Anthony Robles thought things couldn’t get worse. He had just gotten out of L.A. County Jail and was having trouble finding a job because of a felony conviction. His living space was in a corner of his grandmother’s 500-square-foot apartment, where he rolled out his bed each night next to his small dresser.
Then, things got bleaker. Robles’ probation officer told him he needed to pay $4,000 to the county to pay for the costs of his three-year probation term, with a minimum $50 payment each month. Robles had started back to community college and had found some odd jobs, but he needed what little money he earned to survive.
Unable to make a payment for 12 months, he got a letter from the county stating that he needed to make a payment within two weeks or risk being sent back to jail.
Robles is not alone. Hundreds of thousands of Californians in the criminal justice system face bills for thousands of dollars in fees to cover such things as probation supervision, pre-sentencing reports, drug tests or electronic ankle monitors. The governments demanding the fees say they are meant only to recoup costs, not to further punish people who have already served their time. But every month people like Robles struggle with a harrowing choice: to pay rent and bills, or pay fees that will keep them out of jail.
California now has a chance to chart a new path. State Sen. Holly Mitchell (D-Los Angeles) has introduced the Families Over Fees Act, which would make California the first state in the nation to eliminate administrative fees charged to people in the criminal justice system. Mitchell says her bill, which will be heard Thursday before the state Senate Appropriations Committee, will “remove economic shackles on people who’ve already paid their debt to society.”
Like Robles, most people leaving jail simply cannot afford the fees. Consequently, most governments collect little from them. Los Angeles County, for example, spends more to collect probation fees than they bring in, according to an analysis of public records by the Policy Advocacy Clinic at the UC Berkeley School of Law. The ACLU of Southern California and the Western Center on Law & Poverty also contributed to the analysis. In the last fiscal year, the county spent $3.9 million on collections to bring in $3.4 million in adult probation fees — for a net loss of $500,000, the clinic found, and the county collected only 4% of fees on active probation cases. Most counties collect so little from the fees they do not even track what they bring in, according to the clinic.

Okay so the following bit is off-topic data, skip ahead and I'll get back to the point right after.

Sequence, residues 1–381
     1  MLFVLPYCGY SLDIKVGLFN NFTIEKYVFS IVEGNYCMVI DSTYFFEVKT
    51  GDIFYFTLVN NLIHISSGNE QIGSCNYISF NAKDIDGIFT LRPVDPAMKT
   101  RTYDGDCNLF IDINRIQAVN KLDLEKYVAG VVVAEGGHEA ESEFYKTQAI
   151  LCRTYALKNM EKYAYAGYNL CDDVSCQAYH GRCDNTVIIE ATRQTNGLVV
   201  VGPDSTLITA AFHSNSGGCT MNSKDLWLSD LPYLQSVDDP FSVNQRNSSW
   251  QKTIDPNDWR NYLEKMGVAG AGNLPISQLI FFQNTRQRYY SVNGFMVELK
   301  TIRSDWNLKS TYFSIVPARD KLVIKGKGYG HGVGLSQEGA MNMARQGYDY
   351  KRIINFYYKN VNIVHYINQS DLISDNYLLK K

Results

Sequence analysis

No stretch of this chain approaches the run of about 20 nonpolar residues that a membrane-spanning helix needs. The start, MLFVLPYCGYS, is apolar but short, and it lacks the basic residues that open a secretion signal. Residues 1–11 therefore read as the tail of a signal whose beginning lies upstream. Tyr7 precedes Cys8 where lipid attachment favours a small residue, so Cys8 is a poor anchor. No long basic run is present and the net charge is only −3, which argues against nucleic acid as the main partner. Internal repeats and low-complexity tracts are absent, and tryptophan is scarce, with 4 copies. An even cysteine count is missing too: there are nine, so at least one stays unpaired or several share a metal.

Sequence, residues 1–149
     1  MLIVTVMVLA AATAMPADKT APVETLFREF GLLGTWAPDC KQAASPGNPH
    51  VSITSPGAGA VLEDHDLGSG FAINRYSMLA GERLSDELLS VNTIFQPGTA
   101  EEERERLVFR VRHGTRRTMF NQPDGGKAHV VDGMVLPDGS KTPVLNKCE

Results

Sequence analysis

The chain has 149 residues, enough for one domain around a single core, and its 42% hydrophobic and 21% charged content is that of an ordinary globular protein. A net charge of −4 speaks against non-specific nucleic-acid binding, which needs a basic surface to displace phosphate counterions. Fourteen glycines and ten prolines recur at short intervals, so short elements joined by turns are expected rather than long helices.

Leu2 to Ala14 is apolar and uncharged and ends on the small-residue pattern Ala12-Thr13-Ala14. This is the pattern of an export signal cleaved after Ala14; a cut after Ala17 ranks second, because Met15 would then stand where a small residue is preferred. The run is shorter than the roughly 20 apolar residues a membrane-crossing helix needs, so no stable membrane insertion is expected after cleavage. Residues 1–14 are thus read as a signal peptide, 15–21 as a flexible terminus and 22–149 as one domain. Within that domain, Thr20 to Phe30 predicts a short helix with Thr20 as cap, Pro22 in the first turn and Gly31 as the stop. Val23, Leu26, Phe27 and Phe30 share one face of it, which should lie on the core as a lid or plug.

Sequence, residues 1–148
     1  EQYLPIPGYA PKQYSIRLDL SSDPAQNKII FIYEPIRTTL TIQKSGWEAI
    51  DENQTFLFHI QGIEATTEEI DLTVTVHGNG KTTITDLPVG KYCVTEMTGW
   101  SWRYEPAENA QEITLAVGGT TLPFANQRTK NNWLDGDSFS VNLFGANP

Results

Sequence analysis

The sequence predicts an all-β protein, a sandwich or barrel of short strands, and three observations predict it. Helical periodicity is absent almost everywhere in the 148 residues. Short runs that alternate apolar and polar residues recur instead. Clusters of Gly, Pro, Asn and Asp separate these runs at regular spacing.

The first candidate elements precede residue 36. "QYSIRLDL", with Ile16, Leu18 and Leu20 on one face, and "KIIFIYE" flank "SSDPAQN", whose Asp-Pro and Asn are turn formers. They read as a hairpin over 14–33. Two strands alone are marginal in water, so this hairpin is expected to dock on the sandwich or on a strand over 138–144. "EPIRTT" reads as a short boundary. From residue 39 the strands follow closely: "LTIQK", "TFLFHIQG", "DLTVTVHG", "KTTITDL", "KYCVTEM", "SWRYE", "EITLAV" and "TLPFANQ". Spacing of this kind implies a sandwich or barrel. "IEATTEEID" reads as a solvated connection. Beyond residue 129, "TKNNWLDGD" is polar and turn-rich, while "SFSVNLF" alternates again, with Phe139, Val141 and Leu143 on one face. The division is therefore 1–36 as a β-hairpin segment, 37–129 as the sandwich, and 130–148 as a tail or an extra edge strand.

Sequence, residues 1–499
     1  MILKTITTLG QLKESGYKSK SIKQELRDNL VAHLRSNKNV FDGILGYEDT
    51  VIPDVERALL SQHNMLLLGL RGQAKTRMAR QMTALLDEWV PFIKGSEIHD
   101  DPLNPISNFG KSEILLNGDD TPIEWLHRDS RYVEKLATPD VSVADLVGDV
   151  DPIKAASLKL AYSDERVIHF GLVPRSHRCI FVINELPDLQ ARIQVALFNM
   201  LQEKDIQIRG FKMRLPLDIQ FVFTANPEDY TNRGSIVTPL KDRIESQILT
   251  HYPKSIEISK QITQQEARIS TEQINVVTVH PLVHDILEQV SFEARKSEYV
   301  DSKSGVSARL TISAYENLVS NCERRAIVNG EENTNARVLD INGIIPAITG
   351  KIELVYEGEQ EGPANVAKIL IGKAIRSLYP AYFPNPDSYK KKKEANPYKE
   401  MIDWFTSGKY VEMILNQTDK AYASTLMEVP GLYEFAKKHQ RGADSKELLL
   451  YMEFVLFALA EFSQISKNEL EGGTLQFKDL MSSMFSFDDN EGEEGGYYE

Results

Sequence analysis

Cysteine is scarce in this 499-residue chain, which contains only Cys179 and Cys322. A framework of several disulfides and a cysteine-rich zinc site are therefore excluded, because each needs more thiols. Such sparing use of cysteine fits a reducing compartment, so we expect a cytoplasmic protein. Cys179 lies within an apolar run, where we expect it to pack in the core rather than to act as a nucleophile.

In recognition of these facts, San Francisco last year became the first county in the nation to eliminate all locally administered fees charged to people leaving the criminal justice system. After doing so, San Francisco wrote off $32 million in debt from the fees owed by 21,000 people. Alameda County has now also eliminated its fees.
The Senate Appropriations Committee will consider what statewide reform would cost. I hope they’ll consider other costs too, including the human costs of the fees to people like Robles who are struggling to rebuild their lives. They should also consider the ultimate cost to taxpayers of fees that minimize a released person’s chance of succeeding and maximize the chance he or she will end up back in jail or prison, according to a growing body of research.
To Robles, the choice is obvious. It took him years to pay off his fees, even after the county Probation Department gave him a discount because he was barely getting by.
He graduated last year from Cal State L.A. and was a recipient of the Trustees Award for students who demonstrate superior academic performance, personal accomplishments, community service and financial need. Eliminating fees would help more formerly incarcerated people take paths that don’t lead them back to prison or jail.